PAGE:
Publishing Trends

The importance of a gender-balanced editorial team

Narrowing the gender gap begins with all of us

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Gender balanceLast year I attended an international meeting where we hosted a special reception for the editorial board of one of our key journals. As I greeted and mingled with editors and board members, something very quickly dawned on me. In a room of almost 80 people, all of them were men. Except for me. I am no stranger to being in scientific meetings where women are sometimes underrepresented, but still, this was the first time I’d been quite so outnumbered. I raised it as an observation with a few people at the reception, but it was only when I pointed it out that people seemed to notice that the balance was very definitely…unbalanced.

Initial investigations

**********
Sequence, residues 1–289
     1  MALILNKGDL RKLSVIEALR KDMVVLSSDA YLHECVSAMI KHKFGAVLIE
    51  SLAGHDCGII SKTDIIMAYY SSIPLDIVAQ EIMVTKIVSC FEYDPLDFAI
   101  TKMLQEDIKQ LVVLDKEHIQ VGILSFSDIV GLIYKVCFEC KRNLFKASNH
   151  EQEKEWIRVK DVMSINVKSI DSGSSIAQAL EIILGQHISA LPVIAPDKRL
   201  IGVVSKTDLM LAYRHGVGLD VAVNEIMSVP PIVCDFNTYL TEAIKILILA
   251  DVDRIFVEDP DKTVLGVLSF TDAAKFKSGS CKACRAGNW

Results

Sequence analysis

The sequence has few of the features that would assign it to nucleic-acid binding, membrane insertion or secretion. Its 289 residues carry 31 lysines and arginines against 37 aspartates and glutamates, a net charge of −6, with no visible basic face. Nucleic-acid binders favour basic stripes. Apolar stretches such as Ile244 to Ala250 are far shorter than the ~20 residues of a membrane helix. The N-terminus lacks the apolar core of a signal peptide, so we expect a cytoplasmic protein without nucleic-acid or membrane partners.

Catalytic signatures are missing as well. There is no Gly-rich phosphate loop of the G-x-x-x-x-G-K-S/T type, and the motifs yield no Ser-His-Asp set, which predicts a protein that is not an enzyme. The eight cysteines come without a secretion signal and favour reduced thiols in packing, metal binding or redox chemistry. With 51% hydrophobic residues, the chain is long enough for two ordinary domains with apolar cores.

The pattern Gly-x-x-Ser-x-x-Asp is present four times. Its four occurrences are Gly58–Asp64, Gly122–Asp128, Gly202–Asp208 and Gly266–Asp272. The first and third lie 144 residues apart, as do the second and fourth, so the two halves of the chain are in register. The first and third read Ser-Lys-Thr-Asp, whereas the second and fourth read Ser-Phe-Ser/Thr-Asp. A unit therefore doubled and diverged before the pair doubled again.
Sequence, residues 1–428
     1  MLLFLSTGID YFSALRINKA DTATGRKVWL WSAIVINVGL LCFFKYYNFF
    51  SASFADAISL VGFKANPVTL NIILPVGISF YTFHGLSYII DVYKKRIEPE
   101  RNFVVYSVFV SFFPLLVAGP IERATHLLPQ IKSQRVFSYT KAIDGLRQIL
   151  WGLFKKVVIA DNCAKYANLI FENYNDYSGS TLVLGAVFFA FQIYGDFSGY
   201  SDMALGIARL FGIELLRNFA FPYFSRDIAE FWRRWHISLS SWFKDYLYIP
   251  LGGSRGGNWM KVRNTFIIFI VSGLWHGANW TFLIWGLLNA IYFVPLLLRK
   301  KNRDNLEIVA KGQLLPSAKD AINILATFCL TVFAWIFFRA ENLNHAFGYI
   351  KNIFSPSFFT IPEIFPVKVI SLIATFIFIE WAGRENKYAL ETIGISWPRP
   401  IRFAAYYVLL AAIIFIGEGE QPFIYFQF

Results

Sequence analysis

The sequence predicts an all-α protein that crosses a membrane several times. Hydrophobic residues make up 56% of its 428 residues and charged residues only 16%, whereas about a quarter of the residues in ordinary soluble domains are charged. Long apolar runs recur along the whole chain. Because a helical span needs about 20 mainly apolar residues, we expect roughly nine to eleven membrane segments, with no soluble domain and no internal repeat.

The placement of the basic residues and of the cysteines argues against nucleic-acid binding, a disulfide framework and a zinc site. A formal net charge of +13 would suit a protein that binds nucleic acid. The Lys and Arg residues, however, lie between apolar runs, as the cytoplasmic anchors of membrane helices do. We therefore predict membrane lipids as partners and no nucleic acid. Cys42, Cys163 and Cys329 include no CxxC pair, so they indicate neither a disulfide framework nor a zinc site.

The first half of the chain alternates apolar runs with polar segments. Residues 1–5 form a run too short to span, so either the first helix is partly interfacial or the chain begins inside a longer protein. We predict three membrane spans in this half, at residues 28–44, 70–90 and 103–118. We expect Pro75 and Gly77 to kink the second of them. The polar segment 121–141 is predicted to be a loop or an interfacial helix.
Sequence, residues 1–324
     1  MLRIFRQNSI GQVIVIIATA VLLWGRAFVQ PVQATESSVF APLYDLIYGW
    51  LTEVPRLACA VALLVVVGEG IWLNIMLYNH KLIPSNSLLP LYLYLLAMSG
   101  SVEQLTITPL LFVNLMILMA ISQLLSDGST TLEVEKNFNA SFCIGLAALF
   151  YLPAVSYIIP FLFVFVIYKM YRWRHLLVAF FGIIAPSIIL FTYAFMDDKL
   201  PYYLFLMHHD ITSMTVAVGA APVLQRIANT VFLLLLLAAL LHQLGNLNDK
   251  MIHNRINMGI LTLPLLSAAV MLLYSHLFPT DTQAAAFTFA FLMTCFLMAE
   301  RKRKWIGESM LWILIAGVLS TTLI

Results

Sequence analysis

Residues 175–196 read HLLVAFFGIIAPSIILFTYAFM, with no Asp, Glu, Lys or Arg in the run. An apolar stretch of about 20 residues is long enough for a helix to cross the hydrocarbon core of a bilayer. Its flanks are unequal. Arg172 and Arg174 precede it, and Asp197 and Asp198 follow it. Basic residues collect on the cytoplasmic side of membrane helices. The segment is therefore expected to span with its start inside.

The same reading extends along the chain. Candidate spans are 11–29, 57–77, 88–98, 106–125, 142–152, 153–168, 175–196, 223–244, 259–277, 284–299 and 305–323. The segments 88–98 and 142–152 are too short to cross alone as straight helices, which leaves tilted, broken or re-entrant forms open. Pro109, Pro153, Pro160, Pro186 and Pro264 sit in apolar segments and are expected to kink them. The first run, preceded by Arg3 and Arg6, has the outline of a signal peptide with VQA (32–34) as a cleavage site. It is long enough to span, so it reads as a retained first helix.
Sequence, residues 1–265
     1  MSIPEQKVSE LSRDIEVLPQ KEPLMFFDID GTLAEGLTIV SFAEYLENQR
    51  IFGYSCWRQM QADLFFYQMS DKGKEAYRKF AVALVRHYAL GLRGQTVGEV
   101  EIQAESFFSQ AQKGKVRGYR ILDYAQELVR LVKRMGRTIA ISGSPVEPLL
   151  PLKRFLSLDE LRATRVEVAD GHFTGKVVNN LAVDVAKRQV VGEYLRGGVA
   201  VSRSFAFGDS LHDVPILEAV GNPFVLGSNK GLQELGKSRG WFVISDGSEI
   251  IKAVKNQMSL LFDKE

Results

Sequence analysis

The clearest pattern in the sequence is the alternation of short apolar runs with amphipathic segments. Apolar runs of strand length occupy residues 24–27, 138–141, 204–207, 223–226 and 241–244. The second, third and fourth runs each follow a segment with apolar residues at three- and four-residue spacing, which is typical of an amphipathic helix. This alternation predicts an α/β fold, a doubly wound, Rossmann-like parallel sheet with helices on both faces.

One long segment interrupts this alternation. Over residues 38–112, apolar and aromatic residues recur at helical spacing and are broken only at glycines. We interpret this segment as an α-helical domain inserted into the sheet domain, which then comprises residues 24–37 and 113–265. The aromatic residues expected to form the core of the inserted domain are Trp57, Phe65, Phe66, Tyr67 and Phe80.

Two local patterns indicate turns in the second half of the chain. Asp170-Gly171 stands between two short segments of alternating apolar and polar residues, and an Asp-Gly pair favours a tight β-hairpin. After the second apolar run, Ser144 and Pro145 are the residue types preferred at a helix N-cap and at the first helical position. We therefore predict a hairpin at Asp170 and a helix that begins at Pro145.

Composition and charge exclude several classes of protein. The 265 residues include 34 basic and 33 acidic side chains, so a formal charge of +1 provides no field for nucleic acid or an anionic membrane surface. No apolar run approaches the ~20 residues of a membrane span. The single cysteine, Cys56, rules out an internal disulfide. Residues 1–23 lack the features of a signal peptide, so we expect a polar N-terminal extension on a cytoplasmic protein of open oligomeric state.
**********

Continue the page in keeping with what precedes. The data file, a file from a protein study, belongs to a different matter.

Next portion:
So I started to wonder how representative this was across all of the titles in this particular programme. Energy is an area that – on the surface at least – seemed to attract as many women as men into research, certainly judging by the number of participants at the conference. It didn’t take long before I discovered that we had only 6% editors-in-chief who were women, yet contributions from women authors globally made up around 30% of submissions to those journals – or so we believe. It is a number that is difficult to track as many women still use initials for fear of bias. Either way, it was certainly clear to me that our journal editorial teams, as a whole, did not seem to be truly reflective of the community that supported them.  Likewise, I investigated the Earth portfolio and although the number of female Editors was higher - at 11% - it was still lower than the composition of the research community it represents.